Research has shown that people complain once a minute during a typical conversation. Complaining is tempting because it seems to feel good, but like many other things that are enjoyable at first, complaining too often isn’t so good for you.
Why? Because your brain loves efficiency and doesn’t like to work any harder than it has to. When you repeat a behavior, such as complaining, your neurons branch out to each other to ease the flow of information. This makes it much easier to repeat that behavior in the future -- so easy, in fact, that you might not even realize you’re doing it.
You can’t blame your brain. Who’d want to build a temporary bridge every time you need to cross a river? It makes a lot more sense to construct a permanent bridge. So, your neurons grow closer together, and the connections between them strengthen to become more permanent. Scientists often describe this process with the catch-phrase, “Neurons that fire together, wire together.”
Repeated complaining "rewires your brain" to make future complaining more likely. Over time, you find it’s easier to be negative than to be positive -- regardless of what’s happening around you. Complaining becomes your "default behavior," which then can adversely change the way people perceive you.
Complaining may affect other areas of your brain as well. Research from Stanford University has shown that complaining affects the hippocampus -- an area of the brain that’s critical to problem-solving and intelligent thought.
Complaining Can Also Be Bad for Your Health
When you complain, your body releases the stress hormone cortisol. Cortisol shifts you into fight-or-flight mode, directing oxygen, blood, and energy away from everything but the systems that are essential to immediate survival. One effect of cortisol, for example, is to raise your blood pressure and blood sugar so that you’ll be prepared to either escape or defend yourself.
Extra cortisol impairs your immune system and can make you more susceptible to high cholesterol, diabetes, heart disease, and obesity. It could even make the brain more vulnerable to strokes.
Since human beings are inherently social, our brains naturally and unconsciously mimic the moods of those around us, particularly people we spend a great deal of time with. This process is called "neuronal mirroring," and it’s the basis for our ability to feel empathy. The flip side, however, is that it makes complaining a lot like smoking -- you don’t have to do it yourself to suffer the ill effects. You need to be wary about spending time with people who complain about everything. Complainers want people to join their "pity party" so that they can feel better about themselves. Think of it this way: If a person were smoking, would you sit there all afternoon inhaling the second-hand smoke? No, you’d distance yourself, and you can do the same with complainers.
There are things to consider when you have an impulse to complain. One is to instead cultivate an attitude of gratitude. That is, when you feel like complaining, shift your attention to something that you’re grateful for. Taking time to contemplate what you’re grateful for isn’t merely the right thing to do -- studies have indicated it reduces the stress hormone cortisol. Research conducted at the University of California, Davis, found that people who worked daily to cultivate an attitude of gratitude experienced improved mood and energy and substantially less anxiety due to lower cortisol levels. Any time you experience negative or pessimistic thoughts, use this as a cue to shift gears and to think about something positive. In time, a positive attitude will become a way of life.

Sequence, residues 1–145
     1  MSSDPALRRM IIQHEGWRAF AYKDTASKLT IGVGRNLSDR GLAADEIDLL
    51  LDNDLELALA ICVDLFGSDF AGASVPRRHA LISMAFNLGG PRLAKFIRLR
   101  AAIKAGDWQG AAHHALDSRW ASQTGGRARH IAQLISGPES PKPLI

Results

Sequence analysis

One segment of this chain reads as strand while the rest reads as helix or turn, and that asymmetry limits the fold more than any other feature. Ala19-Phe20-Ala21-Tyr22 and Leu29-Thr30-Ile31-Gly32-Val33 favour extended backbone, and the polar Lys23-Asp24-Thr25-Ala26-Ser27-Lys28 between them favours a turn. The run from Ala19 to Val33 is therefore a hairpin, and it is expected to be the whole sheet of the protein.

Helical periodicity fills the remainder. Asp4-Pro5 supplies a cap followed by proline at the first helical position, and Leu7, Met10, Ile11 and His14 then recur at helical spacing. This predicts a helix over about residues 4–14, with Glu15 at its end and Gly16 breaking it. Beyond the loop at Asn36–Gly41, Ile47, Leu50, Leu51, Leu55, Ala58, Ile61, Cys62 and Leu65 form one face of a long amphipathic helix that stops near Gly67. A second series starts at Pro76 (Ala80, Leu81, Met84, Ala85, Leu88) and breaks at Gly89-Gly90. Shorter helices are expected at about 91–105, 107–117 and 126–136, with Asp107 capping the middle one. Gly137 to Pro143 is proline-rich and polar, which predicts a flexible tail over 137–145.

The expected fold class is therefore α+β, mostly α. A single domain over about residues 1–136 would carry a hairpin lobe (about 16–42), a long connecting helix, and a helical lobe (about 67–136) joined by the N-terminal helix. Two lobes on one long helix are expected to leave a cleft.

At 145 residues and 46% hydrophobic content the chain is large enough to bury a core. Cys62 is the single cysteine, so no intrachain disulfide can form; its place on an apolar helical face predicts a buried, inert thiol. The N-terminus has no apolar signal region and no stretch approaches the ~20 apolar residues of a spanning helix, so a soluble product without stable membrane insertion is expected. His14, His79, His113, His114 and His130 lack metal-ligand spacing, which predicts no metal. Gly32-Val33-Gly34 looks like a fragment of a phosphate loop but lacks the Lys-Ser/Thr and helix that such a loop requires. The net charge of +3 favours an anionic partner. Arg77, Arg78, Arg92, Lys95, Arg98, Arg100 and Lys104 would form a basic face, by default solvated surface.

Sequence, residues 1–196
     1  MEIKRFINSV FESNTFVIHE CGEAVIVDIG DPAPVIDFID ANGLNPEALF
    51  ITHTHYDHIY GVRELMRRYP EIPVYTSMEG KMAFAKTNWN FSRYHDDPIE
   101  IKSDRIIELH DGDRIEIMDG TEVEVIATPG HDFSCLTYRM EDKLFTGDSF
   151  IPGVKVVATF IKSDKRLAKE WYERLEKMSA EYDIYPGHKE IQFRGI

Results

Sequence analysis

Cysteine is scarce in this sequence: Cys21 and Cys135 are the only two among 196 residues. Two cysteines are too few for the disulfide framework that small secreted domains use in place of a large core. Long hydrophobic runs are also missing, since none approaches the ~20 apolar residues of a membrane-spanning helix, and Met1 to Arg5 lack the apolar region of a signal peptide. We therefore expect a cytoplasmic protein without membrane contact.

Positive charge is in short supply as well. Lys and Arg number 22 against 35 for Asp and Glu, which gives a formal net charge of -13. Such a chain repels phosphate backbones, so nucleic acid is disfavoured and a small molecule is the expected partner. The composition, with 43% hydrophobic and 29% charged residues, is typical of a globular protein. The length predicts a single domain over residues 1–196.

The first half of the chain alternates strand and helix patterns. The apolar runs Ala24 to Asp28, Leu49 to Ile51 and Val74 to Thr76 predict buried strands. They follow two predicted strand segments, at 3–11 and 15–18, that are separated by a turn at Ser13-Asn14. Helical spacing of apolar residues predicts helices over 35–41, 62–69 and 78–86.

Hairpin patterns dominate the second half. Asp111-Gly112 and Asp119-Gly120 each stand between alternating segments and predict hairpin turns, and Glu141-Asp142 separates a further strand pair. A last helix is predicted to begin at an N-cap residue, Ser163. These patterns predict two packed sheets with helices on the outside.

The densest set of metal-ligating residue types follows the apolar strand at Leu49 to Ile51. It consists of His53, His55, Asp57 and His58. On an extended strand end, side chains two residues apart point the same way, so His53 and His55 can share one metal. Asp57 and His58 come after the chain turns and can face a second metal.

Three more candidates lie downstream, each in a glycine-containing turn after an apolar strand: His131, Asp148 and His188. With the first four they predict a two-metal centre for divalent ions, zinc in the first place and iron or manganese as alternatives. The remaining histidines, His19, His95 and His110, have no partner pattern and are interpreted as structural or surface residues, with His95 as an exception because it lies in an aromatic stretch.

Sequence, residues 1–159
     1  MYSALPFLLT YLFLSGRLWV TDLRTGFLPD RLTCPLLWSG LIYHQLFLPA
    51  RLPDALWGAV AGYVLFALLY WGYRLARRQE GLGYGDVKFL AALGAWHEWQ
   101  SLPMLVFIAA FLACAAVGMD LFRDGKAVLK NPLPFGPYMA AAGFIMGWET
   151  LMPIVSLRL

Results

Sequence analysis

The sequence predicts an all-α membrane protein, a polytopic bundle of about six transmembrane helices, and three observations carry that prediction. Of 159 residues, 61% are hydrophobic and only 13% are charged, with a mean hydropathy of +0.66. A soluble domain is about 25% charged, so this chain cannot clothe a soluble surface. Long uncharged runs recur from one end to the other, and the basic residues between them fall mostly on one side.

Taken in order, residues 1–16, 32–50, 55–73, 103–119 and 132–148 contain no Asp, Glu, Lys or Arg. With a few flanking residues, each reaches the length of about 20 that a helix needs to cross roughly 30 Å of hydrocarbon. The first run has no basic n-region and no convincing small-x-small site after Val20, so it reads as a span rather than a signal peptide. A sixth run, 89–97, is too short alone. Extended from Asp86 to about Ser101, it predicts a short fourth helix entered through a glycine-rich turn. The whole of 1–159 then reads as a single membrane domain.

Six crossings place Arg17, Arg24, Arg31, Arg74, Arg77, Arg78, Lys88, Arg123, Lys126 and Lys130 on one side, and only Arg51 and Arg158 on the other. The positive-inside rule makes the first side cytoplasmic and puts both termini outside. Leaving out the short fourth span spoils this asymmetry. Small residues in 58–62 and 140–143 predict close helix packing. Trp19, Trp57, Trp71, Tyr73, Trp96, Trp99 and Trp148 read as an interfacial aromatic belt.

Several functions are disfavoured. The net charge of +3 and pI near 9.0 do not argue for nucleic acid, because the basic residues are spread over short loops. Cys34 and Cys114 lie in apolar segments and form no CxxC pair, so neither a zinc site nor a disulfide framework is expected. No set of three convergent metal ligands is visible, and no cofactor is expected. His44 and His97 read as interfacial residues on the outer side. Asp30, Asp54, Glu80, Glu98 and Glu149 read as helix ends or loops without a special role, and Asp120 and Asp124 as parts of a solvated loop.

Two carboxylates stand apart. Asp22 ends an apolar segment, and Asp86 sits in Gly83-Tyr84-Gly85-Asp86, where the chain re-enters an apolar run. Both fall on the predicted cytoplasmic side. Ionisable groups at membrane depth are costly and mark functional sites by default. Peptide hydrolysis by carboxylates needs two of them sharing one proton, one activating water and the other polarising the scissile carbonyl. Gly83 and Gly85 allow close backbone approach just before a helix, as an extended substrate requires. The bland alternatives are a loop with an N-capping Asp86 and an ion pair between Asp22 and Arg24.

Another thing you can do -- and only when you have something that is truly worth complaining about is to engage in "solution-oriented complaining." Think of it as complaining with a purpose.
"Solution-oriented complaining" hallmarks include:
Having a clear purpose. Before complaining, know what outcome you’re looking for. If you can’t identify a purpose, there’s a good chance you just want to complain for its own sake, and that’s the kind of complaining to nip in the bud.
Start with something positive. It may seem counterintuitive to start a complaint with a compliment, but starting with a positive helps keep the other person from getting defensive. For example, before launching into a complaint about poor customer service, you could say something like, “I’ve been a customer for a very long time and have always been thrilled with your service ....”
Be specific. When you’re complaining it’s not a good time to dredge up every minor annoyance from the past 20 years. Just address the current situation and be as specific as possible. Instead of saying, “Your employee was rude to me,” describe specifically what the employee did that seemed rude.
End on a positive. If you end your complaint with, “I’m never shopping here again,” the person who’s listening has no motivation to act on your complaint. In that case, you’re just "venting," or complaining with no purpose other than to complain. Instead, restate your purpose, as well as your hope that the desired result can be achieved, for example, “I’d like to work this out so that we can keep our business relationship intact.”
Bringing It All Together
Just like smoking, drinking too much or lying on the couch watching TV all day, constant complaining can be bad for you. Put the above tips to use, and experience the physical, mental, and performance benefits that come with a more "positive frame of mind."